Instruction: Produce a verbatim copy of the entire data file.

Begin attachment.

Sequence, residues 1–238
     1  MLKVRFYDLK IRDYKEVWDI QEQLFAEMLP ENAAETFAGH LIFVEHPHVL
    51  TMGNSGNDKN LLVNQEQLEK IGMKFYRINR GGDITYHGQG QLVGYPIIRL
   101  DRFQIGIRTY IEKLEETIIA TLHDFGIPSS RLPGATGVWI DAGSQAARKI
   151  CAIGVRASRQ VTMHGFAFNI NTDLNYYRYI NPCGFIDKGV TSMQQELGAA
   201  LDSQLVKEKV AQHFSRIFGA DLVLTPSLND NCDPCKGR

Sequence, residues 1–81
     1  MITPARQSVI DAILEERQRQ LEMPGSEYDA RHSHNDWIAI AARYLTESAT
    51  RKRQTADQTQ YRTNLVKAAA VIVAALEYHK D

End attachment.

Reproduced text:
Sequence, residues 1–238
     1  MLKVRFYDLK IRDYKEVWDI QEQLFAEMLP ENAAETFAGH LIFVEHPHVL
    51  TMGNSGNDKN LLVNQEQLEK IGMKFYRINR GGDITYHGQG QLVGYPIIRL
   101  DRFQIGIRTY IEKLEETIIA TLHDFGIPSS RLPGATGVWI DAGSQAARKI
   151  CAIGVRASRQ VTMHGFAFNI NTDLNYYRYI NPCGFIDKGV TSMQQELGAA
   201  LDSQLVKEKV AQHFSRIFGA DLVLTPSLND NCDPCKGR

Sequence, residues 1–81
     1  MITPARQSVI DAILEERQRQ LEMPGSEYDA RHSHNDWIAI AARYLTESAT
    51  RKRQTADQTQ YRTNLVKAAA VIVAALEYHK D